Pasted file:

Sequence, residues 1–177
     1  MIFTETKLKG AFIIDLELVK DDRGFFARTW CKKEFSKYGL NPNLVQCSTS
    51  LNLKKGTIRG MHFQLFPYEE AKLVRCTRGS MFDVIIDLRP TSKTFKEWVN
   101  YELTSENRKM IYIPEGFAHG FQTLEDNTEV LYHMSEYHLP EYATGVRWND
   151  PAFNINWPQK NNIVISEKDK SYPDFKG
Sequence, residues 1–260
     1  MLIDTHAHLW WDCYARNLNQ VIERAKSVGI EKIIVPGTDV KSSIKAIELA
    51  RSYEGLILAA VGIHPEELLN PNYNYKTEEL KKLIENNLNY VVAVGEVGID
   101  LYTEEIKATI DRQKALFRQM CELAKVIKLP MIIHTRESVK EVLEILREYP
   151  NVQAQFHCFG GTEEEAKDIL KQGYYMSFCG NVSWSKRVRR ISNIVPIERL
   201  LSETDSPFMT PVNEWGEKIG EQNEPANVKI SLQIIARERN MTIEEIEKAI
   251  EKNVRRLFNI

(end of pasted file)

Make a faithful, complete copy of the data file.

Sequence, residues 1–177
     1  MIFTETKLKG AFIIDLELVK DDRGFFARTW CKKEFSKYGL NPNLVQCSTS
    51  LNLKKGTIRG MHFQLFPYEE AKLVRCTRGS MFDVIIDLRP TSKTFKEWVN
   101  YELTSENRKM IYIPEGFAHG FQTLEDNTEV LYHMSEYHLP EYATGVRWND
   151  PAFNINWPQK NNIVISEKDK SYPDFKG
Sequence, residues 1–260
     1  MLIDTHAHLW WDCYARNLNQ VIERAKSVGI EKIIVPGTDV KSSIKAIELA
    51  RSYEGLILAA VGIHPEELLN PNYNYKTEEL KKLIENNLNY VVAVGEVGID
   101  LYTEEIKATI DRQKALFRQM CELAKVIKLP MIIHTRESVK EVLEILREYP
   151  NVQAQFHCFG GTEEEAKDIL KQGYYMSFCG NVSWSKRVRR ISNIVPIERL
   201  LSETDSPFMT PVNEWGEKIG EQNEPANVKI SLQIIARERN MTIEEIEKAI
   251  EKNVRRLFNI